Question: When would you use 'sign' over 'encrypt'?

30 November -0001

Public key encryption (or asynchronous encryption) is pretty tricky stuff. Encrypting a message provides confidentiality, signing provides assurance. If I sign a message the message is hashed and the hash is encrypted with my private key. This 'signature' can be verified by anyone with my public key - a process that proves the holder of my private key signed the message and that the message (and signature) have not been altered since I sent the message. So I sign all my messages so you can verify that the message came from me and not some impostor. Because e-mail doesn't provide any native verification there's really no way to tell if an e-mail from my address is really from me without digital signatures.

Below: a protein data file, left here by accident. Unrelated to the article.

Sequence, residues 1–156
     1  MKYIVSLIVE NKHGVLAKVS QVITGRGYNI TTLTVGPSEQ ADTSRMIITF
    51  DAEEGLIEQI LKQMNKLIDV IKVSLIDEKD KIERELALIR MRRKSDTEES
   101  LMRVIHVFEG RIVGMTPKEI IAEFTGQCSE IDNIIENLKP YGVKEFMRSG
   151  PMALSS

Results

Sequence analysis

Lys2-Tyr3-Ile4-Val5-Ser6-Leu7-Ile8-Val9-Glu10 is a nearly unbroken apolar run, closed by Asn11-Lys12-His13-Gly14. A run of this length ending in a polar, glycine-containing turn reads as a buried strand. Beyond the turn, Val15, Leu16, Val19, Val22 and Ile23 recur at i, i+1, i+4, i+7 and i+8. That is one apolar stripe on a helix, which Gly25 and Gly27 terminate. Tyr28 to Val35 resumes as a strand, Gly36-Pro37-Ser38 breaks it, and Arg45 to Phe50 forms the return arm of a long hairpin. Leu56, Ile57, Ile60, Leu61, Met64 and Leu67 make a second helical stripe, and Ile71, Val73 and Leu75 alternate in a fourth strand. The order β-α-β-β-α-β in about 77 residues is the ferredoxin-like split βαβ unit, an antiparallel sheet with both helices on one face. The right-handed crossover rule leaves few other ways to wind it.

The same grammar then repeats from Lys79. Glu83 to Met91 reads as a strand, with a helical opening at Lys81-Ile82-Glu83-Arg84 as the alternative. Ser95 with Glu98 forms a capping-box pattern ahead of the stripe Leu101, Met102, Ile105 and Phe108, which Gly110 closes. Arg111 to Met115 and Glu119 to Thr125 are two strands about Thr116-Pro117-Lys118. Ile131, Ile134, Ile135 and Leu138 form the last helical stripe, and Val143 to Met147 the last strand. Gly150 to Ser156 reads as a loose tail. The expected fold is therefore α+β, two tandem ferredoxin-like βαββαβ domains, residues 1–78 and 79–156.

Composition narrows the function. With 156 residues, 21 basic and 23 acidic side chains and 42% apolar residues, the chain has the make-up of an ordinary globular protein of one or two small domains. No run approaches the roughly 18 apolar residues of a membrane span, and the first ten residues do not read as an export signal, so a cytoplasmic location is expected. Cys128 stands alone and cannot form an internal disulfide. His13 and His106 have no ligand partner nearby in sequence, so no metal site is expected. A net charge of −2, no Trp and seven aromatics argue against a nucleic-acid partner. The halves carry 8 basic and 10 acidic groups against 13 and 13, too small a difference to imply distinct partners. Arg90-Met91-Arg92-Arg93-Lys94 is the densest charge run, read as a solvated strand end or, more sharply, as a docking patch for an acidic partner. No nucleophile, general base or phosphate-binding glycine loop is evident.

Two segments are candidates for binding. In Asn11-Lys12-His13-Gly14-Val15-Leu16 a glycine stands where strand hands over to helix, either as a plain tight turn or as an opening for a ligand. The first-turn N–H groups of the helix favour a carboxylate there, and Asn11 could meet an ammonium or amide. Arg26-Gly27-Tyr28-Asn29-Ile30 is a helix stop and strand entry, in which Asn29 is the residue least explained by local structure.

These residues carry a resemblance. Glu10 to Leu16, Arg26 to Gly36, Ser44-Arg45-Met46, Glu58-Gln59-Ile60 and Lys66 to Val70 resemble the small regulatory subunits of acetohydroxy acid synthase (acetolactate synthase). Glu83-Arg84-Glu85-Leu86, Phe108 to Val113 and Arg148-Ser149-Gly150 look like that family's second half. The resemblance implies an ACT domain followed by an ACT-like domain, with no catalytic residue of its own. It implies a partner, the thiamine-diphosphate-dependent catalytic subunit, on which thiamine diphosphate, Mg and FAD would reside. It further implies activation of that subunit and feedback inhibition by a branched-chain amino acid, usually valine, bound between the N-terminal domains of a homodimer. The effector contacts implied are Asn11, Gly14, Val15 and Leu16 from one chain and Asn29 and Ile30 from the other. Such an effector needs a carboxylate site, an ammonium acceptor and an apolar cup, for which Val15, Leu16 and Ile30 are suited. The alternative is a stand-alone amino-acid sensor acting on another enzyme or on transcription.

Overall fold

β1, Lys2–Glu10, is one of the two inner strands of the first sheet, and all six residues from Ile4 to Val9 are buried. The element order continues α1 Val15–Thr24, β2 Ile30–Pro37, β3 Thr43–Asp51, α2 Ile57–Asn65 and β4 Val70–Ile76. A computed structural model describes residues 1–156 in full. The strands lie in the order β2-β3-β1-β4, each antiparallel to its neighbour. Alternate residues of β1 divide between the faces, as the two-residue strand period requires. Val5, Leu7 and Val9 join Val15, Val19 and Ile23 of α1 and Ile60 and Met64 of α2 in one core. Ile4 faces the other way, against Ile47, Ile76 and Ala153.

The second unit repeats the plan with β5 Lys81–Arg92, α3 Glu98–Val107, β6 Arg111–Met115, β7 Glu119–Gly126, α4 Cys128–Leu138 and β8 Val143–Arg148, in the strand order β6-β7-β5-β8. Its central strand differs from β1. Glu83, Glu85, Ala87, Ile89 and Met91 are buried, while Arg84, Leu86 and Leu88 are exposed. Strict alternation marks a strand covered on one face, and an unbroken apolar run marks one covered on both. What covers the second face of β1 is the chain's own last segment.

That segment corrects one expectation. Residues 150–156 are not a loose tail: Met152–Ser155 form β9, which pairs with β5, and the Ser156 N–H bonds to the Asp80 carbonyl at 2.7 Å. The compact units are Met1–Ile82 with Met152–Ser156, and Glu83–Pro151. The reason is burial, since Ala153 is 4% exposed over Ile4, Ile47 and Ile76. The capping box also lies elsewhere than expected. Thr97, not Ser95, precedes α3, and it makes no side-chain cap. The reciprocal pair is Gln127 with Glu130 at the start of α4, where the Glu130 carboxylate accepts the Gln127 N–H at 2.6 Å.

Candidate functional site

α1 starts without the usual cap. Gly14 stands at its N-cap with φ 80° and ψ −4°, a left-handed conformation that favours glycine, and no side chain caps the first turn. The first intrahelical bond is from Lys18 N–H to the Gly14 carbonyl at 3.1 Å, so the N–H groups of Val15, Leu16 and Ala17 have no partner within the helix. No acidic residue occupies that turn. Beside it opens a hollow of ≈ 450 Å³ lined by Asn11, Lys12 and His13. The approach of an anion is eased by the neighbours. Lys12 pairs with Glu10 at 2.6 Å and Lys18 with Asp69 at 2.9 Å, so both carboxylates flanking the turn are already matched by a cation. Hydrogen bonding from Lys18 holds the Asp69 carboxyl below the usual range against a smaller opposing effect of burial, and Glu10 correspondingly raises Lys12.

Encryption just takes the message and encrypts it with the recipients public key. So Evil Eve could write a message and send it so that it looked like it came from me and encrypt it with your public key. The message is encrypted, so nobody but you can read it, but you can't know that it was me who sent it. However if I sign and encrypt the message, then it is signed with my private key (which you can verify) and encrypted with your public key (ensuring confidentiality). Doing both insures integrity assurance (you know the message came from me and hasn't been altered) and confidentiality.